Pictured above is a chopped Spanish dollar from 1807. According to Gullberg, Chinese merchants preferred the Carolus IIII dollar, which was issued between 1772-1810. They referred to it as four work, the IIII resembling the Chinese character for going to work. The influence of the Spanish/Mexican dollar continued even into the 19th century: the banknote below, issued in 1912 by the Sino-Belgian Bank, is redeemable in Mexican dollars.

Moving back west, the Spanish/Mexican dollar had a key role to play in the North American economy up to the mid-1800s. In both Canada and the U.S., the unit of account function of money was separated from the medium of exchange function. Early colonists kept prices in pounds, shillings, and pence unit of account, but Spanish dollars and their subdivisions were used to transact business. Because of the long distance from England, there simply weren't enough shillings and pennies to make do.

Even though a local U.S. dollar coin—which was modeled off of the Spanish dollar—had been minted as early as 1794, the Spanish version remained by far the most popular form of coinage in the U.S. The presence of the Spanish dollar was even enshrined in American law, the coins having been declared legal tender in 1793. Many people have even speculated that the famous dollar sign, $, has been bastardized from the symbol for peso.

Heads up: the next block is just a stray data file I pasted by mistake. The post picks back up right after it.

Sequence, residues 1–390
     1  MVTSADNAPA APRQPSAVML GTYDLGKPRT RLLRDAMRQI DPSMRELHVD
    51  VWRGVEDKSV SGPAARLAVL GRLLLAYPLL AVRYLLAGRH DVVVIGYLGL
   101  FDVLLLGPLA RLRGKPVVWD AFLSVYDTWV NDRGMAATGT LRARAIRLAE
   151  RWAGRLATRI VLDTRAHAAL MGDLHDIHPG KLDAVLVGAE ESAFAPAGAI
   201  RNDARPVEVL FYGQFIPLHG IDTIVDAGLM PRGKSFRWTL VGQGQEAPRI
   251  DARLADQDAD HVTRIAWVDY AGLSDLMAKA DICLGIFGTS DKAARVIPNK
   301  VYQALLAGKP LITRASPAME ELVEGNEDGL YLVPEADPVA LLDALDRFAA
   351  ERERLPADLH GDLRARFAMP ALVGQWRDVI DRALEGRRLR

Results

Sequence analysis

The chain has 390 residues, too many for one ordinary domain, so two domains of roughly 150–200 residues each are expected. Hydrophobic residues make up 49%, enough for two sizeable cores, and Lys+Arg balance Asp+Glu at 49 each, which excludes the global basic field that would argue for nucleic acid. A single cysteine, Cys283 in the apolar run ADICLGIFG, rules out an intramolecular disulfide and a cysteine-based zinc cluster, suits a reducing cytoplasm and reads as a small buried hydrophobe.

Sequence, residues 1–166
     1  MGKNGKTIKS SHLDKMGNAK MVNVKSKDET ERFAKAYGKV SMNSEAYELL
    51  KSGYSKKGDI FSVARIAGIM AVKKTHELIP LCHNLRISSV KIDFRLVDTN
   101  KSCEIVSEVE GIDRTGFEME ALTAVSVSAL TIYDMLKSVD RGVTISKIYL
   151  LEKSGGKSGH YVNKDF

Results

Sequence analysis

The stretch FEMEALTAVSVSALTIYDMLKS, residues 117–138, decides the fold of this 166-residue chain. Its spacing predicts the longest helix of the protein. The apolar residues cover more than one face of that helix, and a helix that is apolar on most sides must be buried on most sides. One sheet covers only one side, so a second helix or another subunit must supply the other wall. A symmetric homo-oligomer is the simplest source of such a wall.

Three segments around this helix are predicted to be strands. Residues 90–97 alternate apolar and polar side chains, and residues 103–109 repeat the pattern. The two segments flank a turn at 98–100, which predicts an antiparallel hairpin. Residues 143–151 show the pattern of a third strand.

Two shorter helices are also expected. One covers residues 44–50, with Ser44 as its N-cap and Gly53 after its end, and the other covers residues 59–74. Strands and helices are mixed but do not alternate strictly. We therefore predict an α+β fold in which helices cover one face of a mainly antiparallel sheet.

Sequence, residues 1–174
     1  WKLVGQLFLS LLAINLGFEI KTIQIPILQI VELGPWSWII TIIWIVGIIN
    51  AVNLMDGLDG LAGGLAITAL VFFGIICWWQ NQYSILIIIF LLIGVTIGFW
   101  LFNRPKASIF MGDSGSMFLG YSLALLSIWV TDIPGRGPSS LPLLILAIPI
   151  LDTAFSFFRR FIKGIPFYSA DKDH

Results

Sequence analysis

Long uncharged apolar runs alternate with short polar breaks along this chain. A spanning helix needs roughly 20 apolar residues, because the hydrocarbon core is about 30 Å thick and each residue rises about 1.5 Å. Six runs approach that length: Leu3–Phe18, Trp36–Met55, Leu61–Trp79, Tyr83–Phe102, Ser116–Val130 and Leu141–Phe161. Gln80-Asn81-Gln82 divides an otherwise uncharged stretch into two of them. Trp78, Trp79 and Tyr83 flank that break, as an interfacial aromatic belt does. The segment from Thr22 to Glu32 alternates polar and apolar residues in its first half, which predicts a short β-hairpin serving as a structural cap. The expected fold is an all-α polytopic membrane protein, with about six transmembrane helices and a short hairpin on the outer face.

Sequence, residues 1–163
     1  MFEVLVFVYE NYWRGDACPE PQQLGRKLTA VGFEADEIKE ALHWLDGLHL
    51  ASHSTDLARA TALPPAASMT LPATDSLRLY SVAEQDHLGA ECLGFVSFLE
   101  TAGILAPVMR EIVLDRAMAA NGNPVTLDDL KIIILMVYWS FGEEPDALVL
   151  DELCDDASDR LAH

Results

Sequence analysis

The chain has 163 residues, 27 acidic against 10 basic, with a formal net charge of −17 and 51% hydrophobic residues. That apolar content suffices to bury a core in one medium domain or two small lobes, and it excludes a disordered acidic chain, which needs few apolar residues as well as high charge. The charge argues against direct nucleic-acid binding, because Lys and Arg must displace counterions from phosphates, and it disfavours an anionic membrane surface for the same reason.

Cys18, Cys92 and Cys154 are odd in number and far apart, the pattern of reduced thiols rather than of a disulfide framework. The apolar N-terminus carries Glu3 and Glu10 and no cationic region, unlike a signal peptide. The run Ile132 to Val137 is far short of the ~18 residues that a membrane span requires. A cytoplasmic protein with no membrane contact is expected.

Source: Evolution of the Dollar Mark (1912)

To illustrate the ubiquity of the Spanish dollar in the U.S., below I've included a 6¼ cent note issued in 1816 by Easton and Wilkesbarre Turnpike Company, which built and operated private toll roads. This odd denomination only makes sense if you consider it in the same context as the Spanish dollar. Unlike U.S. dollars, which were divisible by 100 into cents, the Spanish dollar was divisible into 8 reals. A one-real coin, a fairly common unit around that time, would have been worth 12½ cents, and a ½ real coin worth 6¼ cents. So while the turnpike company's decision to issue a 6¼ cent note might seem odd to us today, it was probably meant as a convenience to its users, who would have been more familiar with Spanish coins than any other type of coin.

As for Canada, below is an 1819 $5 bill from the Bank of Upper Canada. To help customers who couldn't read, the bank conveniently printed an image of five Spanish dollars at the bottom of the note.

This 1819 banknote has five Spanish dollars illustrated along its bottom

For a number of reasons, the Mexican dollar was eventually killed off . The U.S. had originally been on a bimetallic standard, but in 1834 the authorities changed the silver-to-gold ratio to 16:1 from 15:1, in the process slightly overvaluing gold. The discover of the yellow metal in California only further pressured the price of gold down relative to silver, exacerbating the legally-imposed undervaluation of silver. As a result, silver coins began to disappear. After all, anyone who had a stash of silver coins would have found it more profitable to melt them down and export them overseas where they traded at their true economic value. The U.S. had effectively flipped onto a gold standard. To compound matters, Spanish dollars lost legal tender status in 1856, which would have further crimped their demand.